...what are you buying that has a 4% dividend yield? IBM pays 3.5% and Apple is at 2.13%, and six days ago Motley Fool referred to those as "high dividend yield" stocks. (Google apparently doesn't pay a dividend at all? *boggle* I didn't know you could do that.) IBM's about $160/share and Apple a little over $100/share.

So, if Apple wanted to hire an administrative assistant at $50k, in your scenario, they'd have to assign them a bit under $1.5M in stock. Not sure that changes anything, materially, though I do wonder if Apple, or any company, has enough stock to go around to do what you propose.

But I do think I see some problems with it, though I may be misunderstanding what you intend. If what you mean is "we pay employees as usual, it's just we also give them a corresponding amount of voting power in their employing company if it's publicly traded": 1) Landlords can't be paid in voting power. 2) What about privately held companies? 3) I am unimpressed with the amount of power this gives employees; companies aren't democracies. This sounds to me like selling one's birthright for a mess of pottage.

But if what you mean is "we pay employees in dividends": oh hell no. I propose setting a floor to employee's compensation based on the profitability of the employer; tying all employee compensation to the profitability of the employer is horrific. The latter makes all employees necessarily investors in the company, which no doubt sounds lovely to middle class people who dream of becoming tech billionaires. But the very employees we're talking about protecting – those earning at the very bottom of the scale – have zero tolerance for economic risk.

Paying employees with dividends turns employees into investors in the company. This may sound weird, I would venture to say we maybe should consider it a right of people to choose to be employees rather than investors. Mandating employment schemes that tie employee compensation to profitability is like paying employees in lottery tickets. Your janitors and secretaries have very little they can do to improve the profitability of the company, but now they're exposed to the same economic risks any investor is? No.

Also, this may seem like hair-splitting, but it's not: dividends are not just tied to profits, they come from profits. But employee compensation is an expense, and it absolutely must remain so, legally. You pay your employees before reckoning profits.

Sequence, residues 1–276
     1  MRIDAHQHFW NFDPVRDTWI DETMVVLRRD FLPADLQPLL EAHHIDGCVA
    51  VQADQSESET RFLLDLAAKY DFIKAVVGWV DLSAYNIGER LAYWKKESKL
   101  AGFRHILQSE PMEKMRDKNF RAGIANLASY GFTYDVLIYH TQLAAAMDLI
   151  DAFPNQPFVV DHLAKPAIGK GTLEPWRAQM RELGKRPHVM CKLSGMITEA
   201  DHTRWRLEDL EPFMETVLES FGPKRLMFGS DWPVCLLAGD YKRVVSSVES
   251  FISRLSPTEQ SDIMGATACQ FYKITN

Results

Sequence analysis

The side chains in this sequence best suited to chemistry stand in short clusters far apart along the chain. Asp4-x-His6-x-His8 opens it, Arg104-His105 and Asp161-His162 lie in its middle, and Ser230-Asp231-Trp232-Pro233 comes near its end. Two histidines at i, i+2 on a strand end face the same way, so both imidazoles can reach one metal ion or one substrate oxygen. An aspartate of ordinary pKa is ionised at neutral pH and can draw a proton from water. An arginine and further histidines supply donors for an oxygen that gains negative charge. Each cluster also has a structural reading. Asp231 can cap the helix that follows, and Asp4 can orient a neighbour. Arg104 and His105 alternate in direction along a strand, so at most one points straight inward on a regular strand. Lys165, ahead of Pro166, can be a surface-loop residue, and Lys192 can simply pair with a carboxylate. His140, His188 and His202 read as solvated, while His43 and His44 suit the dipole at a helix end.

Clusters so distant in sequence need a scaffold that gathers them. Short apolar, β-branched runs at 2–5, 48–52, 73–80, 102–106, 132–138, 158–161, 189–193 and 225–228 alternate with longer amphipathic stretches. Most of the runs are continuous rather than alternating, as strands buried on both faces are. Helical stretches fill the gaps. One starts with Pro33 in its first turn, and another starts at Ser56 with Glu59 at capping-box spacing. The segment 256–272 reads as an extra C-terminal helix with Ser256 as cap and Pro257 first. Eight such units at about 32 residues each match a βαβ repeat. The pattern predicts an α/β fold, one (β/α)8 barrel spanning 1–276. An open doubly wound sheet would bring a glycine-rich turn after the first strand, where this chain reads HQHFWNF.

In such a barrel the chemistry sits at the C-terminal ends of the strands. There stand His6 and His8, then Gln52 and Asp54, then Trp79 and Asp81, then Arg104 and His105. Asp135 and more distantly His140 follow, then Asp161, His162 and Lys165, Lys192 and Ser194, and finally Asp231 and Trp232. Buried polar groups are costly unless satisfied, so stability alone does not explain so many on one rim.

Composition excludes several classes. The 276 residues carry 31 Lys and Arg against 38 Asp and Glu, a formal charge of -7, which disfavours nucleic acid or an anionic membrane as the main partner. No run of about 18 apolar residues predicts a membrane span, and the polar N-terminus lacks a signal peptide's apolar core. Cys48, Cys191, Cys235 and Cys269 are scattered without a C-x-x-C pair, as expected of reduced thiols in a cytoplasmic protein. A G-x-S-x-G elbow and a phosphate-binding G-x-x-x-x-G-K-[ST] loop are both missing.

The 4% dividend yield was a number out of thin air, just to make the arithmetic easy. And yes, Google has never paid a penny of dividends in its almost-twenty-year history; it pays its investors in stock appreciation. As for "has enough stock," a company can create stock out of thin air, and as long as the new stock is guaranteed never to be sold (only rented), it doesn't dilute the resale value of existing stock (except indirectly by diluting its voting power).

You're quite right that companies aren't democracies, and aren't supposed to be. (Remember the foofaraw a few months ago about a bunch of interns at a big company petitioning to change the dress code, and being fired en masse for, effectively, applying the tactics and rights appropriate in a democracy to a corporate environment?) People who have spent their careers as corporate managers, for the most part, actually do know more about managing a company than people who have spent their careers as janitors. So this might well be a really lousy idea for a company. OTOH, trusting day-to-day decisions to a skilled manager is one of those corporate decisions that is almost certainly in the best interest of long-term company profitability, and therefore in the best interest of profit-sharing employees.

The economic-risk thing occurred to me too; that's why I made the point that with most of payroll reallocated into dividends, dividends would be much less variable than they are now at most companies. There would still be some risk, and I imagine that if any company actually adopted this scheme, it would actually take a hybrid approach combining a certain amount of guaranteed salary with a certain amount of stock-rented-for-labor. The breakdown between the two would presumably depend on the employee's risk tolerance and job responsibilities.

I'm quite aware that this is a radical proposal, unlikely to ever be adopted in this simple form. It's a thought experiment: let's figure out the advantages and disadvantages of this hypothetical approach, and maybe somebody will find a way to combine most of the advantages with few of the disadvantages.